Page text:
If you’re expecting, or plan to start a family one day, learn your rights and how you can embrace motherhood and protect your career. Having a baby should be one of the happiest times of your life. But an unsupportive work environment can leave you wrought with anxiety. More than 3,100 women filed pregnancy discrimination charges with the U.S. Equal Employment Opportunity Commission in 2017. There’s a lot of confusion about maternity leave from whether you can legally be fired, to the deal with FMLA, to whether your employer can change your job while you’re out. If you’re expecting, or plan to start a family one day, read on to learn what your rights are and how you can embrace motherhood without compromising your career.

Keep in touch

Did you know you’re allowed to work for up to 10 days while you’re on maternity leave without it affecting when your leave ends or your maternity leave payments? These days are called keeping in touch (KIT) days. You and your employer must agree to them and the type of work you’ll do before your leave starts – as well as how much you’ll get paid – as KIT days are optional. You could, for instance, use your KIT days to go on training days or workshops, or to attend meetings or conferences. In fact you can do any type of work on a KIT day, and you don’t even have to work a full day. It can be a useful way of keeping up with what’s happening at the office, including meeting new colleagues or clients and getting up to speed with any changes taking place that will affect you when you return. You may also want to use your KIT days towards the end of your maternity leave to help ease you back into work gradually.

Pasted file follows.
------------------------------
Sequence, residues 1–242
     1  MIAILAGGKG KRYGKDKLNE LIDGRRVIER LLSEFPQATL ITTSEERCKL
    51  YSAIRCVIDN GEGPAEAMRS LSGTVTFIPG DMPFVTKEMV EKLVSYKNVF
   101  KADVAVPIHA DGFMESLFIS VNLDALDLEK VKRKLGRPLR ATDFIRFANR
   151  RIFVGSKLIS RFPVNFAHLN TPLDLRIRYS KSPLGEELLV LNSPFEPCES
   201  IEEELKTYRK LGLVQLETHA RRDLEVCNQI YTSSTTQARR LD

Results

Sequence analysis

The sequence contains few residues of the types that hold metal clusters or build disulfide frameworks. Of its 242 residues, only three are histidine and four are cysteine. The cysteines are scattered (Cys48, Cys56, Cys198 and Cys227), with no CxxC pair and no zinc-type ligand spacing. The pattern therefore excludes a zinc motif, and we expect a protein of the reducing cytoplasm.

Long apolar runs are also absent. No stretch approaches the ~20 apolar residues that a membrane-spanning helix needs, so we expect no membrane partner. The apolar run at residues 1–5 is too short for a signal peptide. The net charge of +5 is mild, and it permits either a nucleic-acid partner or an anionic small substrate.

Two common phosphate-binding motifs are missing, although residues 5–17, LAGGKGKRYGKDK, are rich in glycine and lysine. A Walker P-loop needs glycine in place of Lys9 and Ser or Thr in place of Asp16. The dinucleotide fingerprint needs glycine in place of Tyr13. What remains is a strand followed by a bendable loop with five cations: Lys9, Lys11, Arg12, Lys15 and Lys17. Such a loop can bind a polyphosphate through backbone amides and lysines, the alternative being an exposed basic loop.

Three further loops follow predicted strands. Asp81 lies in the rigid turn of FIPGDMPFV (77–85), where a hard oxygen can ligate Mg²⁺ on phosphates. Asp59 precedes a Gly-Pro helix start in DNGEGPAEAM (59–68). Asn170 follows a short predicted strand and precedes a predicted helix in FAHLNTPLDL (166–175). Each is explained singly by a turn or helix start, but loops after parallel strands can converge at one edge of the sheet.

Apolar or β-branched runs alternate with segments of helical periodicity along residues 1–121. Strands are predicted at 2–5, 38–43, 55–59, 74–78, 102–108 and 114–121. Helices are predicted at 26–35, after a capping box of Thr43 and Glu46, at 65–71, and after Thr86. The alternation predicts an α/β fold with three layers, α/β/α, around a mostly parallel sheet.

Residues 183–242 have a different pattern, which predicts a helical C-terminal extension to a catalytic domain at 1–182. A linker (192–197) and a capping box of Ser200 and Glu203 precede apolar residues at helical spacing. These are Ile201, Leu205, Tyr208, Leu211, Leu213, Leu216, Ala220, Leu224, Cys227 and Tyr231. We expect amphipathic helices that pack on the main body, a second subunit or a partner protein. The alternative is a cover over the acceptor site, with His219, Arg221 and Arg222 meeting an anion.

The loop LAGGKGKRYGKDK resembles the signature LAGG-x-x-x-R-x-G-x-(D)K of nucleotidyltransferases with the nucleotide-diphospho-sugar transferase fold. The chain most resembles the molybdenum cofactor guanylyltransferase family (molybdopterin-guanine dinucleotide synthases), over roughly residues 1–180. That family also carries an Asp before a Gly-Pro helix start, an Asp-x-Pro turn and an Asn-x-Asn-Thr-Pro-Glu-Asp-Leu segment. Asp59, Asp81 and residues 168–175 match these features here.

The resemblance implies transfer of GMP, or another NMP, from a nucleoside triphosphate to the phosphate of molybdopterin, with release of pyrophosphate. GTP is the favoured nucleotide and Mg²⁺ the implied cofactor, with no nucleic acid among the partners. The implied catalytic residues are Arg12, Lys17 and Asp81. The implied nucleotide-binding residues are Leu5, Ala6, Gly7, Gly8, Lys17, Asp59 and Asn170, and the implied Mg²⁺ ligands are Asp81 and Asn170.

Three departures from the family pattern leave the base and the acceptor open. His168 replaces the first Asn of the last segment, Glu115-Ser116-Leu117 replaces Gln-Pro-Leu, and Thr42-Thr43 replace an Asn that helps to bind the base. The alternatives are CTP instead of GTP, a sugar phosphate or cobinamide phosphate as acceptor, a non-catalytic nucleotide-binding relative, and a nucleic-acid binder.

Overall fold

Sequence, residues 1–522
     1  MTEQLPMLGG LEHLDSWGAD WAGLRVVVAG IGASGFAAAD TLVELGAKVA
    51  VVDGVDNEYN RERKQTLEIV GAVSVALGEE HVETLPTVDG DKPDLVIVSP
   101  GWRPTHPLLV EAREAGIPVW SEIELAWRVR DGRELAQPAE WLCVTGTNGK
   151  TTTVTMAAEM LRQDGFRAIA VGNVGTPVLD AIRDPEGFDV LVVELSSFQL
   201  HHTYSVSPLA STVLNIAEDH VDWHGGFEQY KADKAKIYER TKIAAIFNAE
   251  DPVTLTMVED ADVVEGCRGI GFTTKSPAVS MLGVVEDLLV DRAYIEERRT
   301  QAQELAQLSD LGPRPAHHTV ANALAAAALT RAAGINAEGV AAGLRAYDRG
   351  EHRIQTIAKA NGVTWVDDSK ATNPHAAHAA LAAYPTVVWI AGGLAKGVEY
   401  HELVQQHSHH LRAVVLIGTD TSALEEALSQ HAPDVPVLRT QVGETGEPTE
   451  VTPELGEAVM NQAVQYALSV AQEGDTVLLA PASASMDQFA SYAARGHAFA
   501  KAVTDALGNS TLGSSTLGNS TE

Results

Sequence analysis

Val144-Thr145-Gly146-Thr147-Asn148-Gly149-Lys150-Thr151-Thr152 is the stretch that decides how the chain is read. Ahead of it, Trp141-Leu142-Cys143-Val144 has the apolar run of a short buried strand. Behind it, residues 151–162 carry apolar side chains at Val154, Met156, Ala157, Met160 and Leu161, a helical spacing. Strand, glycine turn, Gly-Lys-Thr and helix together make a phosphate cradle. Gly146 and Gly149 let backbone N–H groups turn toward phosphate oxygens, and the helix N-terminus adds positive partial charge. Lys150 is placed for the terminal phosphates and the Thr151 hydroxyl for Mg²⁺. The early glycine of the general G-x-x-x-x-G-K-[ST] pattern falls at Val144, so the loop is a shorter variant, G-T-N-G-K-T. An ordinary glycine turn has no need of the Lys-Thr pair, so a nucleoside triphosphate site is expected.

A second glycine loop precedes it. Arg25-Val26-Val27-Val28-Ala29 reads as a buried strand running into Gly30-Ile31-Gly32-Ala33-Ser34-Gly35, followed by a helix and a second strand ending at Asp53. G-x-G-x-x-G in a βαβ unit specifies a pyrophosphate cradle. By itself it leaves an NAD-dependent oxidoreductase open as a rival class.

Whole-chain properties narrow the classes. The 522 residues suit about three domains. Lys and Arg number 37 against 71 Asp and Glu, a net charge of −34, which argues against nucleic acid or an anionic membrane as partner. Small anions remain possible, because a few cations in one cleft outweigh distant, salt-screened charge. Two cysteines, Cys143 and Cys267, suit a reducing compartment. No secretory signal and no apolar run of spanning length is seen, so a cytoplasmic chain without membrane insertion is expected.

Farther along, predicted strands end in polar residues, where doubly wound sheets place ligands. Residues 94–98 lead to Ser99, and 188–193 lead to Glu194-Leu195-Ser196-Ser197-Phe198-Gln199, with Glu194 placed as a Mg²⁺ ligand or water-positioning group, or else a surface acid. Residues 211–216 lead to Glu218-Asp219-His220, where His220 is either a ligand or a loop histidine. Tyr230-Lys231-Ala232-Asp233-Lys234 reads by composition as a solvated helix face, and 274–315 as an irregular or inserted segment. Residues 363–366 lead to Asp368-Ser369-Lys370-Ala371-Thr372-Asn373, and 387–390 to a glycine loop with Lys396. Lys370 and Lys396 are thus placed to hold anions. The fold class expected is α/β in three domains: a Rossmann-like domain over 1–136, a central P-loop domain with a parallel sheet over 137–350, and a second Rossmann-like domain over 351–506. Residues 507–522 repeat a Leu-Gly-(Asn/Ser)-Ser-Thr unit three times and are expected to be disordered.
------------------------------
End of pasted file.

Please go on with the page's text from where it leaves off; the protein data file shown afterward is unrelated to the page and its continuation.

Reasonable contact

Your employer has a legal right to reasonable contact with you while you’re on maternity leave. This means they may get in touch with you by email, letter or phone – or even at a meeting in the workplace. But what is reasonable can vary from 1 person and workplace to another. Reasonable contact can be positive for employees on maternity leave too. You may want to be kept in touch with things such as changes at work that will affect you, training, work or social events and job vacancies while you’re away. Perhaps you also want to receive company newsletters or details of meetings and projects you’ve been working on while you’re on maternity leave, as they can help to make you feel part of your working environment while you’re not there, not to mention make your return to work easier. The amount of reasonable contact and the method of contact should be agreed with your employer before you start your maternity leave, though you can change these details with agreement from your employer once your leave has begun.

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